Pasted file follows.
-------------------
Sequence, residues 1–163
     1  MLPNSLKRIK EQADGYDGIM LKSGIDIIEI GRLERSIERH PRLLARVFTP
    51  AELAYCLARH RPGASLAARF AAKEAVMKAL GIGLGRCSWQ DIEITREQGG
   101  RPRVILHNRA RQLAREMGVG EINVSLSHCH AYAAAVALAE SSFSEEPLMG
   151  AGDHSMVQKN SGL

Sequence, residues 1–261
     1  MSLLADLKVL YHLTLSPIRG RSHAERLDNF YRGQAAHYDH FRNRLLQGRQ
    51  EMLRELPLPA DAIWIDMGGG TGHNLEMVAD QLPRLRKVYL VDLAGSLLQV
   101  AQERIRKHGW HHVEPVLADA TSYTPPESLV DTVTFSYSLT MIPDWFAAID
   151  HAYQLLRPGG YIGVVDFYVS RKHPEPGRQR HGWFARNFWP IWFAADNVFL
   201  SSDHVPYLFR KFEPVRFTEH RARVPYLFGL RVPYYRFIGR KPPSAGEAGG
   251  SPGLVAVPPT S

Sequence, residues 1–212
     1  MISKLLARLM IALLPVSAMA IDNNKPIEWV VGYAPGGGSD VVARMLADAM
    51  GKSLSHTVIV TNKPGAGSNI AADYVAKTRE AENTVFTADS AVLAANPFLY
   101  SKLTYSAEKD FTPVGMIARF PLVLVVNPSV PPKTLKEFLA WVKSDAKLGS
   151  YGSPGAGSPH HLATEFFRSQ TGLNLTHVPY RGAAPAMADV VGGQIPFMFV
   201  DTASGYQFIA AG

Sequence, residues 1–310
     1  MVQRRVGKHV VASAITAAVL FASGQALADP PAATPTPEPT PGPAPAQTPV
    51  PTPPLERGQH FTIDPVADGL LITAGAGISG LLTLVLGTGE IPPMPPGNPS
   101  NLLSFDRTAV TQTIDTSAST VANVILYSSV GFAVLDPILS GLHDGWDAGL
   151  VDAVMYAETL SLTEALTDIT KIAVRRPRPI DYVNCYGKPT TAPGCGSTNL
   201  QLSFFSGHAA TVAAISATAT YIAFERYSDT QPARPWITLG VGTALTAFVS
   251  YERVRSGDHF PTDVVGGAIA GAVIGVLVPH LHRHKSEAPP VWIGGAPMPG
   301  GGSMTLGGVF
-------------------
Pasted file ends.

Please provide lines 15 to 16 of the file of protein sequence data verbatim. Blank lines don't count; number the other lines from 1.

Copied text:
    51  GKSLSHTVIV TNKPGAGSNI AADYVAKTRE AENTVFTADS AVLAANPFLY
   101  SKLTYSAEKD FTPVGMIARF PLVLVVNPSV PPKTLKEFLA WVKSDAKLGS